Many museums house vast invertebrate collections which are used to help reliably identify both existing and new to science species and are an invaluable tool for taxonomic research.
However, insect collections are not restricted to museums, and many biological recorders both collect and store reference specimens to help compare morphological features, come to reliable identifications and aid in the mapping of species distributions. A personal reference collection can be a fantastic resource for insect recorders over many taxonomic groups. Despite needing to kill and preserve many species in order to identify them, well-curated insect collections still remain a misunderstood taboo for much of the general public and even some of the natural history community.
This collections workshop provides an introduction to techniques and practices on insect specimen preservation, labelling, storage and use over a range of insect groups.
- Certificate upon course completion.
- Please email [email protected] if you have any questions.
- Please note that this course will involve using specimens that have been killed and preserved.
This collections workshop will focus on developing entomology collection skills and is NOT an identification course.
Check out our FSC BioLinks blog ‘Why, sometimes, we need to collect invertebrates and our code of conduct for doing so’ by Holly Dillon for a discussion on why invertebrate collections are a necessity.
What will be covered during this course?
- Why insect collections are important
- An overview of the equipment needed to create insect collections
- Practical experience pinning, carding and staging insect specimens
- No microscope experience is necessary – our tutors will set up and show you how to use a microscope.
See the ‘Example Timetable’, ‘What’s Included’ and ‘Before You Attend’ sections below for more information about this course.
Subsidised Price: £10 Subsidised by the FSC BioLinks project for non-professionals eg. volunteers, biological recorders, wildlife gardeners, amateur naturalists and students.Available to UK residents only. Select ‘Attendee Subsidised: In Person’
Regular Price: £75 For professionals and residents outside of England. Select ‘Attendee: In Person’. Sold Out
Tutor: Peter Boardman
Pete first got into flies after volunteering with Liverpool Museum’s entomological department in the early 1990s, with support from Tom Mawdsley and Richard Underwood. He ‘discovered’ craneflies when county moth recorder for Shropshire and chose them as a dissertation subject for his MSc in the mid 2000s. Following this he committed to the group and immediately worked on a Shropshire distribution atlas (2007) and a second improved version with keys in 2016.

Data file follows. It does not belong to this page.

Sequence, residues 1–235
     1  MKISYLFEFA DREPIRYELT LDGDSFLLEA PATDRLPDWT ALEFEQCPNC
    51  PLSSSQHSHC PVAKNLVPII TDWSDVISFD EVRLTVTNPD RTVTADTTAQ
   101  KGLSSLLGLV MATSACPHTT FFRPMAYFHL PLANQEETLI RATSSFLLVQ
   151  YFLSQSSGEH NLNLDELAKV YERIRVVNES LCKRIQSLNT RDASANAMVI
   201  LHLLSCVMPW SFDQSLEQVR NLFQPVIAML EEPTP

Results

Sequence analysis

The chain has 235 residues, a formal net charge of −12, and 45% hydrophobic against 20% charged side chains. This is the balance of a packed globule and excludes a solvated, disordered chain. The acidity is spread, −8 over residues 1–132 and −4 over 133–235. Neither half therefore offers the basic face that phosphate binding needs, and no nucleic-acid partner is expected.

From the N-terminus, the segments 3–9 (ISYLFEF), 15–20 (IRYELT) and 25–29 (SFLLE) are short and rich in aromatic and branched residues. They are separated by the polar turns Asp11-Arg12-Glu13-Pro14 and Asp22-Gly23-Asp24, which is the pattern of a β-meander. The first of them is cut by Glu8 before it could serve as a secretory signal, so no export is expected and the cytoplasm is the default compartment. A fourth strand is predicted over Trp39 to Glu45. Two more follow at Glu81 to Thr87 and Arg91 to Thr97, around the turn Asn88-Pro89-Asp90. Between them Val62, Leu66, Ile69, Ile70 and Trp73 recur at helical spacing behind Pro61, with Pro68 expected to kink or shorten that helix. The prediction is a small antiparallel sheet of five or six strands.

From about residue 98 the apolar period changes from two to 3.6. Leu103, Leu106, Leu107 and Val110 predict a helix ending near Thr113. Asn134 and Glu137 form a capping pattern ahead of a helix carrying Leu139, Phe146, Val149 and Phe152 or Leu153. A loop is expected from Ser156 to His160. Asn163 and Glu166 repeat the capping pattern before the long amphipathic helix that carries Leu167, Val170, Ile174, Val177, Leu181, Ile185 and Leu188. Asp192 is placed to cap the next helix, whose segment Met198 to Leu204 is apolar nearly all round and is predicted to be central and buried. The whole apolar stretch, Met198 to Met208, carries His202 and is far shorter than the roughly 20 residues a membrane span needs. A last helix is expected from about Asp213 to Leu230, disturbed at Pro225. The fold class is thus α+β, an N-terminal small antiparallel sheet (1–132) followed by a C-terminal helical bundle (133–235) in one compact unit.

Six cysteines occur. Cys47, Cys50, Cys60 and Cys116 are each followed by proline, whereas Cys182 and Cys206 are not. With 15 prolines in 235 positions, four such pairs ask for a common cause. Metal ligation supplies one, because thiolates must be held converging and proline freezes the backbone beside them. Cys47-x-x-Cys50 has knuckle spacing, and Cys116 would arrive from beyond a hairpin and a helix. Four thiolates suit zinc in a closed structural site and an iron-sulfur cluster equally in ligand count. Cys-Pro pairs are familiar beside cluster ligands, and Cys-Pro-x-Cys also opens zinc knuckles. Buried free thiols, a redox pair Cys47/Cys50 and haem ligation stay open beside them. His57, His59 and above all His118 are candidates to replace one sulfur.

In 2018 he was awarded a Churchill Fellowship which enabled him to spend a month at the Smithsonian Institution collections in Washington DC studying the Charles Alexander collection. This enabled him to later name 23 new species to science from Cameroon.
He currently is national cranefly recorder for the Cranefly Recording Scheme supporting John Kramer and Alan Stubbs.
In order to keep our customers and staff safe we ask that anyone attending our centres:
- wears a face covering when in shared indoor space (unless exempt).
- maintains social distancing.
- cleans their hands regularly.
- takes a Covid-19 test before they arrive.
- Please arrive in time for the course to start promptly at 10:00 am.
- Refreshments will be available from 9.45 am.
- The course will end at 4:00 pm.
- 6 hours of tuition.
- Certificate of attendance.
- Access to a microscope, equipment and specimens.
Bursaries and Subsidies
FSC BioLinks is an exciting project for FSC in the South East and West Midlands, bringing together existing volunteers with skills in biological recording and identification, and new volunteers.
This project provides subsidised training courses, learning opportunities and digital tools focussed on invertebrate identification for anyone involved or interested in biological recording, to build and strengthen the community.
Invertebrates provide us with many useful ecosystem services, like pollination and decomposition, which we cannot survive without but their numbers are declining. Few people know how to identify or record invertebrates meaning there is a lack of data.
We are delighted to have been awarded a grant of £1.23 million from the National Lottery Heritage Fund for this project.
Before You Attend
Getting to FSC Bishops Wood
FSC Bishops Wood, Crossway Green, Stourport-on-Severn DY13 9SE
- From Kidderminster: (M5, A38, A449 southbound) On the M5 heading southbound coming off at junction 5, taking the third exit on the roundabout to get onto the A38. at the first roundabout take the third exit onto Kidderminster Road going straight over the next roundabout sticking to Kidderminster Road. At the second left turn to follow Doverdale Lane. Once you have come to a sign turning right onto the A449 take it until you get to the Mitre Oak pub on your left. Take the first exit on the roundabout onto Bishops Wood Lane, finally taking the first left on you will arrive at Bishops Wood Field Centre.
- From Worcester: (M5, A449 northbound) On the M5 heading northbound, take Junction 6 to Worcester/ Kidderminster taking the second exit heading for the A449 northbound, continuing for 9 miles. At the roundabout with the Mitre Oak pub take the first exit onto Stourport Road. Take the first left onto Bishops Wood Lane, finally taking the first left on you will arrive at Bishops Wood Field Centre.
What to bring
- Notebook and pencil
Please note that this course will involve using specimens that have been killed and preserved.
There will be a member of staff with first aid training and access to a first aid kit on site. If you have special medical requirements please let us know as soon as possible so we can plan the course.